Long-Term Conditions (Chronic Illness) Flashcards Preview

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Flashcards in Long-Term Conditions (Chronic Illness) Deck (33)
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what is pathophysiology?

defines the basis of the underlying disease process


what is clinical disease?

occurs when the pathophysiological process leads to a specific clinical consequence


what is the illness episode?

time between the onset and offset of illness


what is body and structure impairment?

defined as any disturbance in body structures, or organ or system function which are present at birth and arise from disease or injury. this essentially equated to the presence of clinical disease.


what is activity limitation?

this is the restriction or lack of ability to perform an activity in a manner or within the range which would be considered normal.


what are participation restrictions?

a social construct depending on meanings and values. the social disadvantage for a given individual resulting from an impairment or activity limitation that limits or prevents the fulfilment of a role that is normal for that individual.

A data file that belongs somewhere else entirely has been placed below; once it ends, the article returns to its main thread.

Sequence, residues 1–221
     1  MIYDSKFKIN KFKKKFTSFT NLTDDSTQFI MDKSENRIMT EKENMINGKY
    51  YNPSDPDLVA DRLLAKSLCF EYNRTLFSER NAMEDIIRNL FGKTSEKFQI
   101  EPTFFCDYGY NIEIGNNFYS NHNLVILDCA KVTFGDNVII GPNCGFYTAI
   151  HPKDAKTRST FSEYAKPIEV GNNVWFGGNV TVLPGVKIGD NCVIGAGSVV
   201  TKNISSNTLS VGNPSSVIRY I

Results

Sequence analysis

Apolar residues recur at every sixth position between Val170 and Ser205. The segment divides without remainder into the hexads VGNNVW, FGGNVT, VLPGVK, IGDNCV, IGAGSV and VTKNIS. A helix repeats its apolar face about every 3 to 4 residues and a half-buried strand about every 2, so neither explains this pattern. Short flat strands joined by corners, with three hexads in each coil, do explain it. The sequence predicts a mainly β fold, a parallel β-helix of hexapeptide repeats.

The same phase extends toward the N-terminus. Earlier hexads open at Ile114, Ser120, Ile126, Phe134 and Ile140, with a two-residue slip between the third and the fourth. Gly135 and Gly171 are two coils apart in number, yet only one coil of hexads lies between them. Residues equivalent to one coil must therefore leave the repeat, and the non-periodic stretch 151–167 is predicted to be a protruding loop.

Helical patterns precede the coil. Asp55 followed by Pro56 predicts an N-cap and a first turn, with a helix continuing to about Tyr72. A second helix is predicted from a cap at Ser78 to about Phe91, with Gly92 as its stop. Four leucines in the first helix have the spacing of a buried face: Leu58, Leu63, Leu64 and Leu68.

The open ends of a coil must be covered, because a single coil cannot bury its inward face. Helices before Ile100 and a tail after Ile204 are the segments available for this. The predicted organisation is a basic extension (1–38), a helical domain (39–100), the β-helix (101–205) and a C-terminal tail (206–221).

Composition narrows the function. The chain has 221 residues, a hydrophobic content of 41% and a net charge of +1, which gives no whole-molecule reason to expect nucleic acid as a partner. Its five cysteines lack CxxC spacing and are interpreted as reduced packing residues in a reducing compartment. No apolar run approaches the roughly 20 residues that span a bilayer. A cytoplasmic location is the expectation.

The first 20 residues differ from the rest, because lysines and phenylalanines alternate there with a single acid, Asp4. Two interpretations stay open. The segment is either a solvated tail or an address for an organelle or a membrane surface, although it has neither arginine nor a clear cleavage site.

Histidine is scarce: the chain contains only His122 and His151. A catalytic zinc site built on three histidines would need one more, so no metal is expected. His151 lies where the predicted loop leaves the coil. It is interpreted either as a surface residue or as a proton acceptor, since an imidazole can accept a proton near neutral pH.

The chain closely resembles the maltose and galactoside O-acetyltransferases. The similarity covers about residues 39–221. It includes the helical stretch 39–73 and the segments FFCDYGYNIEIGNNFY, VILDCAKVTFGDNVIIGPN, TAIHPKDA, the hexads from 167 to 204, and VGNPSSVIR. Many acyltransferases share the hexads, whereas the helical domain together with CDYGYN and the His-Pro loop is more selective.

what is the WHO's definition of health?

health is a state of complete physical , mental and social well-being and not merely the absence of disease or infirmity


what factors may influence a chronic disease?

1. environmental factors
2. genetic factors


what is vulnerability?

an individuals capacity to resist disease, repair damage and restore physiological homeostasis.

this is important in the extremes of life and even certain organs can vary - to an extent the liver repairs well, whereas the brain dopes not.


what is the impact of chronic illness on

A. patient
B. family
C. other family members
D. community/society

A. patient can have denial, apathy or self-pity

B. the family can undergo financial and emotional strain

C. other family members may become ill as a result

D. Community/society - isolation of an individual may result


suggest the important features of the hypothetico-deductive reasoning problem solving approach

some causes are more probable than others. whilst it is therefore efficienct to bear the common causes uppermost in our minds, at the back of our minds we also have to hold the important, although rare, possibilities. some of these may have to be positively excluded even though they are likely

some pieces of information are more valuable than others, in fat often a very few pieces of information are crucial, whilst other information adds relatively little to the solution of the problem